How to read

This page in | ITA | CAS | FRA |

Note: intro pages are written (when not translated) in "surrounding-venetian" language, with Galepin graphics, and accented by following the rule described in this page.

This on-line version of our dictionary is written with a phonetical-traditional graphical system, as stated on the "Manuale di grafia veneta unitaria", edited in 1995 by the local government culture office. You can find it on-line by clicking here. As a traditional system, it is not far away from the writing systems adopted in the last centuries by romance languages, and as a "phonetical" one, it cannot be read ambigously: only one sound correspond to the sign you're reading. This is like in german or slavs writings. Other Graphical Systems: Click here to change

Well, English is a litte harder... click here to learn more.

So, how did Venetians say "Venice"? - Well, the original Venetian term up to the 16th century was (in venet graphics) "Venièxia", then "Venèxia", and now they says "Venèsia", that is venetization of the florentine term "Venezia". Words in El Galepin are always written as our ancestors did during the ages, that is how the language was, or is now pronounced. Refer to the following table, and try to read the Venet translations for "Venice" and speak how Venetians did through the centuries.

Diacritics: as a professional tool, el Galepin has diacritics on all words, to provide real pronunciation for each term without implementing a complicated accentation system. Common accentation systems are in use in Venetia; here's another page where You can find an example (for advanced users).


Symbol Alternative traditional Pronounce it as...
a (à)
as "u" in english "guts"
same as English, "b" in "band", "bow"
c, ch k as "k" in "kite"
(c+i, c+e) č as "ch" in english "chat", "chunk", "choice"
-c (1) č at the end of a word; read as "ch" in "rich", "much", "tch" in "match",
same as English, "d" as in "dog"
dh đ as "th" in "then", "than", "that"
as "e" in "bet"
é (e)
as "i" in "bit"
same as English, "f" as in "fat"

rare and disappearing, "ph" as in "phone" (aspirated, without the upper teeth touching the lower lip)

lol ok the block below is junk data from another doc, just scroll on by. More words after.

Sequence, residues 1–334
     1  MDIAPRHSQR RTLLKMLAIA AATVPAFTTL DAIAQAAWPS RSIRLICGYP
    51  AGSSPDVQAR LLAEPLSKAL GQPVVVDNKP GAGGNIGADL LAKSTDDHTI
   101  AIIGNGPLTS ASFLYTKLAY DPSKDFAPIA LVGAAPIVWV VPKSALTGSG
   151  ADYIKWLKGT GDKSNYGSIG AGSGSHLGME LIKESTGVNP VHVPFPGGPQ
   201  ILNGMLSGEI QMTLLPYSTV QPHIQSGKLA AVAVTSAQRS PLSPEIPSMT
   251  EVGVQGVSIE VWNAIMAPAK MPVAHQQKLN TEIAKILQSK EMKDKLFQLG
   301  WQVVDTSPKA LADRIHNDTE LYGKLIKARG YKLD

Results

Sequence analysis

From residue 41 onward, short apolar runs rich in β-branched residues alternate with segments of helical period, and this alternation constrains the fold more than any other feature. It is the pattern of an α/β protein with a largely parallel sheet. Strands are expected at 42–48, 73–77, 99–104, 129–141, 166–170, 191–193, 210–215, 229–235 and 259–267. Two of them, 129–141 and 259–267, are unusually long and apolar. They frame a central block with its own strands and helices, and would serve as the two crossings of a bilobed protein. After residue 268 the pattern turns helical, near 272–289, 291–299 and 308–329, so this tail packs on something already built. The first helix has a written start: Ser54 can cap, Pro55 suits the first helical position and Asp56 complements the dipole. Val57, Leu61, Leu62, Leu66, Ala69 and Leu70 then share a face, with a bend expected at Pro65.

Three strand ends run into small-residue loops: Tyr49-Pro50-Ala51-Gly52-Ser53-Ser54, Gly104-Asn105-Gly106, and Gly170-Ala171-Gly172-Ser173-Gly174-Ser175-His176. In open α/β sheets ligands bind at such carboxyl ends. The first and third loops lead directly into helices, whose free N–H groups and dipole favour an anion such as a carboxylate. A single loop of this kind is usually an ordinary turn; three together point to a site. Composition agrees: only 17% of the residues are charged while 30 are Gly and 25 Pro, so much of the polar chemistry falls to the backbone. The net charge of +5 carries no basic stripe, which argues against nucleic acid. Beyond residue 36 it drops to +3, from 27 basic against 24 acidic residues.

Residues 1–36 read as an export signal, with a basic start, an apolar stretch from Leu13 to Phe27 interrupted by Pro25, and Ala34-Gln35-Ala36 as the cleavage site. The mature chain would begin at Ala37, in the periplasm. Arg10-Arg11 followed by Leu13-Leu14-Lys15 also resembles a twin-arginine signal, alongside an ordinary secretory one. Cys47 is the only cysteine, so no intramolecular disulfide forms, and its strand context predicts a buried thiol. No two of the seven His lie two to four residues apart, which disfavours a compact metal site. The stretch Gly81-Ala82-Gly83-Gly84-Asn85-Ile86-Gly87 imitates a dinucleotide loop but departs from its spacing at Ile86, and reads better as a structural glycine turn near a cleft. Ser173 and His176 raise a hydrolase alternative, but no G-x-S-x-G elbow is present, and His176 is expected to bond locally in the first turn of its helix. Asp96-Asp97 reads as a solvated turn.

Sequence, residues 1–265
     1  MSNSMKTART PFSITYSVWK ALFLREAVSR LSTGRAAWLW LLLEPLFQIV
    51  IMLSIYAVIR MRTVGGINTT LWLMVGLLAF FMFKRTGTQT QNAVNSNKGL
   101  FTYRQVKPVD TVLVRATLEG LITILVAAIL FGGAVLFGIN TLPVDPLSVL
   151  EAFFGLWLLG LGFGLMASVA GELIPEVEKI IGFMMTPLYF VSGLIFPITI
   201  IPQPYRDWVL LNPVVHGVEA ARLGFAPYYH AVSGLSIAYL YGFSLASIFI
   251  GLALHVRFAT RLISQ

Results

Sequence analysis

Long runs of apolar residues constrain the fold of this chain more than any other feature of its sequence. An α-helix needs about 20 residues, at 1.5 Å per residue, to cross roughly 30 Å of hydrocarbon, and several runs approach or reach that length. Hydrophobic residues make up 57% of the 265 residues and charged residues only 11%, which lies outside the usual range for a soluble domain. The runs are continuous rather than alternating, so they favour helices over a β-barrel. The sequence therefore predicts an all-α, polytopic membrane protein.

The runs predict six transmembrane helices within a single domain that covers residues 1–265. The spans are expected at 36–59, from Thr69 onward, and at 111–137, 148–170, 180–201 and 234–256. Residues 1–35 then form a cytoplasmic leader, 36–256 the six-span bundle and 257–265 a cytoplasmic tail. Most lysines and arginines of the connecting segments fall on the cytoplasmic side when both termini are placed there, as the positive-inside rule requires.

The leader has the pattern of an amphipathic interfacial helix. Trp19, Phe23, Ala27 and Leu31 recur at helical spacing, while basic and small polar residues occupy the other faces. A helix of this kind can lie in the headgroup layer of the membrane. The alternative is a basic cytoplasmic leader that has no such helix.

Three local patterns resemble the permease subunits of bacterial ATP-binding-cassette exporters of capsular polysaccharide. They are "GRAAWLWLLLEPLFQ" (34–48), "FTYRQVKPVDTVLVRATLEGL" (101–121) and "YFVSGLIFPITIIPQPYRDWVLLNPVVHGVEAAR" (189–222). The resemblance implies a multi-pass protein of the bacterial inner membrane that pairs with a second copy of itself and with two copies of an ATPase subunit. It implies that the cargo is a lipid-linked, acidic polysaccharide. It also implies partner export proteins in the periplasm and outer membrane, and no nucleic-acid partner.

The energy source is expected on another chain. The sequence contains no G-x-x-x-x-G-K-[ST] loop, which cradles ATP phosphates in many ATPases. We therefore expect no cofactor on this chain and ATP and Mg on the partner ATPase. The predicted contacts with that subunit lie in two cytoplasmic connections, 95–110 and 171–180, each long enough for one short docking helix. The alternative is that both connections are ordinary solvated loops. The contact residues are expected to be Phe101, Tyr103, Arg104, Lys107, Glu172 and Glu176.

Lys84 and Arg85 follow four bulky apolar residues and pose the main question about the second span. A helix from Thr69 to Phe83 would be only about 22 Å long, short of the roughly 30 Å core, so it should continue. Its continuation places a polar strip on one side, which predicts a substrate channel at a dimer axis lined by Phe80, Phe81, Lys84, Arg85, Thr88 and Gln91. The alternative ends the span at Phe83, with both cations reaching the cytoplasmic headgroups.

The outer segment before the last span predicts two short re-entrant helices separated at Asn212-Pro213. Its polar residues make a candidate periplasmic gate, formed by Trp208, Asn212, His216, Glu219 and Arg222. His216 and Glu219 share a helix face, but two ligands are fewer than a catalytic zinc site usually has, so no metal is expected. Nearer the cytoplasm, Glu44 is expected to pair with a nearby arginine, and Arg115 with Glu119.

g, gh
as "g" in "great", "gap"
(g+i, g+e) ǧ as "j" in "jet", "joke"
gn ñ

as in Spanish ñ as in mañana

i (ì)
as "i" in english "issue"
as "y" in "yellow", "young"
used instead of "C" when at the end of a word, as in english "k" in "break", "speak"
same as English, "l" as in "lean", "lamb"
typical Venet, semi-vowel, pronounced between a full L and an E (without the tongue touching the palate)
same as English, "m" as in "mat"
n (2)
same as English, "n" as in "net"
as "o" in "got", "lot", "pot"
ó (o)
comme "eau" en français "beau"
same as English, "p" as in "pen", "pin", "pot"
a rolled R, except in Venice where it is pronounced almost English style; como en español
s (3)
same as English, "s" as in "sing", "same"
sh (4) š disappearing sound, read as english "sh" in "shape", "shower"
sci, sce (5) sči, sče as "st" in "bastion", pronounce it "s" + "ci"/"ce" how it's written

same as English, "t" as in "tin", "tan"

u (ù)
as "oo" in "boot", "loot"
same as English, "v" as in "vat"
as "z" in "zebra"
as "dz" in "Godzilla"
zh th, ẑ almost like "th" in "thin"
ç ʒ as "tz" in "Ritz"

indicates hiatus
as internationally known (i.e. german)
as internationally known (i.e. german)

(1) when we print out something we adopt the proper symbol "č" or "ċ", although not necessary into the venetian graphical system
(2) when preceding a consonant, and at the end of a word has a nasal sound
(3) s (+ b, d, g, l, m, n, r, v): unlike in English, when preceding these consonants it is pronounced as "z" in "zebra", otherwise the alternative notation is "...ssm...", "...ssl..." and so on.
(4) "sh" isn't a traditional symbol; when we print out professional editions you will find the proper symbol "š"
(5) for printed editions we adopt the proper symbol "sči"/"sče" or "sċi"/"sċe", although not necessary in Venetian languages